A former inmate in the Century Correctional Institution, Ryan Huff, last week filed a federal lawsuit against Corizon, the state’s corrections health care services provider, and three of its employees for alleged poor health care he received for colitis that left him with a colostomy bag when he was released.
According to the complaint. Huff was incarcerated in December 2013 at the Century Correctional Institution in Escambia County to serve a 5-year sentence for violating probation. In May 2014, while housed at the nearby Berrydale Work Camp, he made “sick call requests describing worrisome changes in bowel movements including frequency and increasing amounts of blood.”
Dr. Allen Ho, the chief health officer for the prison, prescribed over-the-counter stool softeners, but Huff’s condition continually worsened. In June 2014, Huff was admitted to Baptist Hospital in Pensacola and was diagnosed with severe ulcerative colitis. According to the complaint. Huff alleges he was “prematurely taken out of Baptist Hospital” after Corizon executives complained “they are losing over a million dollars a month under their contract with the Florida Department of Corrections.”
Huff was discharged from Baptist Hospital on June 29, 2014. The complaints states: “The discharging doctor, Laura K. Magan, notes she was unable to reach Dr. Ho prior to discharge and expressed surprise that the patient was transferred back to the prison with no doctor-to-doctor communication.”
After his return to Century Correctional Institution Huff was taken off his IV and most of his medications. Though his health began to worsen, the inmate was discharged from the prison clinic back and sent to prison housing.
Within days, Huff was “locked up in a tiny confinement cell about the size of a parking space for 24 hours a day without medical care” for using the bathroom without “a special bathroom pass” that Ho denied him, according to the complaint.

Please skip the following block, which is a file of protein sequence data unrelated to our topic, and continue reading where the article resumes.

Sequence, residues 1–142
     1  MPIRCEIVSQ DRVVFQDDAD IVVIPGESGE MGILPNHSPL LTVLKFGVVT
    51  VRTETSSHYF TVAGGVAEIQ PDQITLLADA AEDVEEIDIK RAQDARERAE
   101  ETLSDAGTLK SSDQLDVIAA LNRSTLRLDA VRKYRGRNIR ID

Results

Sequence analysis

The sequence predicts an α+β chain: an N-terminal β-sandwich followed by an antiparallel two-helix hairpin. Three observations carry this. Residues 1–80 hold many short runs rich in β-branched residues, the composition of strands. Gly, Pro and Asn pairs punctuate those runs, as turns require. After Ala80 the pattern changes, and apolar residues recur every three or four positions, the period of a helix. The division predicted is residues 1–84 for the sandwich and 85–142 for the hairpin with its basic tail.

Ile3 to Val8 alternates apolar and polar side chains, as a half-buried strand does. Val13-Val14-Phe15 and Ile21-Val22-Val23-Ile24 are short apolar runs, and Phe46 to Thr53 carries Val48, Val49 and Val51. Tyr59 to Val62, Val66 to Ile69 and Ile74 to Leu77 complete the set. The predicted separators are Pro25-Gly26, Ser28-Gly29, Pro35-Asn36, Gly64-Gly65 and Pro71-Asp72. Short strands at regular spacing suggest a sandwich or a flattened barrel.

Near the end of July 2014, Huff was referred briefly to a Corizon-run reception and medical center before being returned to solitary confinement, where suffers severe nausea, rectal bleeding, vomiting, weakness, and high fever. He is hallucinating and tries to bring down
his fever by pouring water from the sink in the cell onto his head. According to the complaint,
Huff is convinced that he is going to die alone in that cell.
After about three days, Huff is taken out to taken to Memorial Hospital in Jacksonville, where Corizon maintains a secure wing. Doctors determined that his lower intestines were seriously compromised. Huff underwent surgery for “subtotal colectomy with ileostomy surgery.” Not yet 30 at the time, the inmate was forced to eliminate his bodily waste into a colostomy bag.
When discharged from Memorial Hospital, Huff was released back into the general population. He claims that he haphazardly received prescribed medications and care and was denied prescribed items, such as a special low-residue diet and replacement colostomy bags. Huff was released in May 2017.
In the complaint, Huff stated he continues to suffer pain, disability, disfigurement and “permanent damage to overall health and bodily condition” and is “at significantly higher risk for health problems in the future.”
Huff seeks compensatory damages, attorney fees, costs, punitive damages, a jury trial on all counts and any such further and additional relief as this court deems proper.
In 2016, Corizon and the Florida Department of Corrections settled a class action lawsuit on the behalf of 1,800 current and former Florida prison inmates who were denied medical care for hernias. Corizon’s share of the settlement was $1.7 million.
Read complaint – Corizon.